Thursday in Nashville: InstrumentHead, the Light & Sound Machine, Sudekum Planetarium Gets All Arty 10-16-2014
This Thursday is a busy night for art in Nashville. At the monthly Thursday Night Things at OZ, photographer and recent Nashville transplant Michael Weintrob is presenting his collection of 75 photographs dubbed InstrumentHead. Weintrob photographed Nashville musicians with their instrument of choice replacing their head. Full disclosure: I’m one of the musicians featured. For my portrait, I went with one of the first toys I circuit-bent, a sleep machine that plays sounds of the ocean, ticking clocks, chimes, etc to help people fall asleep. I bent it to make all sorts of crazy noises back in 2007. It was just something visually-interesting that I had handy at the time of the photo.
Many of the musicians profiled will perform Thursday evening, including Brian Siskind, Black Cat Sylvester, Roy Futureman Wooten, Jeff Coffin, Sam Bush, and more. The show opens at 6:30 p.m.with Brian Siskind kicking things off. Tickets are $12 at the door.
Over at Third Man Records, the Light and Sound Machine returns with the Czech mindfuck Valerie and Her Week of Wonders. I was lucky enough to see this at a private screening James Cathcart hosted for his birthday a few years back. I can’t say I loved it, but it’s definitely an experience. Tickets are $10 at the door. Show starts at 7 p.m.
Thursday night also marks the premiere of a new art series at Adventure Science Center’s Sudekum Planetarium. For years, I’ve been hearing people talk about what an amazing space our planetarium is … followed by wishes that it get used for more than star maps and laser light shows. Someone at ASC seems to be listening. From the ASC press release:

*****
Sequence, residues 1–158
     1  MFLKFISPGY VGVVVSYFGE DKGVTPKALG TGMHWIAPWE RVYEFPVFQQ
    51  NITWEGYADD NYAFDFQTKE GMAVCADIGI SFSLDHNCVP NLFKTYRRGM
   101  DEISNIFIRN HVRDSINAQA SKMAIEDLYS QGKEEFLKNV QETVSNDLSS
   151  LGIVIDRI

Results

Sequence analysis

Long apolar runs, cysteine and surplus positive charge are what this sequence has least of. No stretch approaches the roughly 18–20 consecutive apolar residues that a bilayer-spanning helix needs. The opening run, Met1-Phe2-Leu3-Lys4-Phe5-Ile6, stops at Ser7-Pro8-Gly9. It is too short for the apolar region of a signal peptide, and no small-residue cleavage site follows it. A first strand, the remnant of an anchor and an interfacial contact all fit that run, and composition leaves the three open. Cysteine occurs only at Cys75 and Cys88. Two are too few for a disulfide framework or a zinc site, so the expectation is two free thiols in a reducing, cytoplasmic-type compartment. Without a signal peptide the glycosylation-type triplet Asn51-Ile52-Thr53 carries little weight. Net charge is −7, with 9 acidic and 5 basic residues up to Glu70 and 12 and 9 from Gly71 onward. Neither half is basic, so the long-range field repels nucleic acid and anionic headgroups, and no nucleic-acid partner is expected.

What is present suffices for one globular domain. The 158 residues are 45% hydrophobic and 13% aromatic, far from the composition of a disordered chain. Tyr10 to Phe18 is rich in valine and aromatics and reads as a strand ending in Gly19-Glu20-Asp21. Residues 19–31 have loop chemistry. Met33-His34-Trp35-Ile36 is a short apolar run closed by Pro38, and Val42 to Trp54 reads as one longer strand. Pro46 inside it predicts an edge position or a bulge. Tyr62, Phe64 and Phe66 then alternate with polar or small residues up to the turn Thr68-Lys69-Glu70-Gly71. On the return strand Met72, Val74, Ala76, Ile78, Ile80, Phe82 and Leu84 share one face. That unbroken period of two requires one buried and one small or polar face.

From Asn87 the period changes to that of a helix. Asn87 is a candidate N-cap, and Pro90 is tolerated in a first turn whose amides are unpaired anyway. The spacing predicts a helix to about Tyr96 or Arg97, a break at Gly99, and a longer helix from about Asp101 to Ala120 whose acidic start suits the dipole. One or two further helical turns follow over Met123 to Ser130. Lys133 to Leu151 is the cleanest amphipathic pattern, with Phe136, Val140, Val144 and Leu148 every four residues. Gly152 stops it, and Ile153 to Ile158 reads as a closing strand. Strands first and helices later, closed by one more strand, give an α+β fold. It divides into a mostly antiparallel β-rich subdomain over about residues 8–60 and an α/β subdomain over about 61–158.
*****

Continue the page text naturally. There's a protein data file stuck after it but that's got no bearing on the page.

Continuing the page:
What happens when you turn art and music loose … in a planetarium?
To find out, the Sudekum Planetarium at the Adventure Science Center is opening Dome Club Nashville. This monthly event will showcase immersive programs and artistic experiences designed to envelop visitors within the unique fulldome planetarium environment.
Wait, what’s “fulldome”?
“Fulldome” refers to technology that covers the entire surface of a planetarium dome with graphics. Seated within our 63-foot diameter dome, you’ll be surrounded by visuals in front of, above, and even behind you. Without the rectangular frame of a TV or movie screen, you’ll feel a part of the scene. Powerful surround sound adds to the effect.
The Sudekum Planetarium presents fulldome science experiences every day. Dome Club provides a venue for alternative programs. These may include immersive cinema or visualization projects, dance, games, or concerts … anything that takes advantage of the fulldome environment. Dome Club is also a place to connect and enhance the lines between the art of science and the science of art.
The grand opening of Dome Club Nashville will be on Thursday, October 16, 2014, at 7:30 pm. This first night will feature Home Grown Dome, a 45 minute compilation of fourteen short works created by students, artists, and animators from around the world. These pieces were finalists in the annual DomeFest fulldome film festivals between 2004-2009.
Hell. Yes. Learn more at sudekumplanetarium.com/domeclub.
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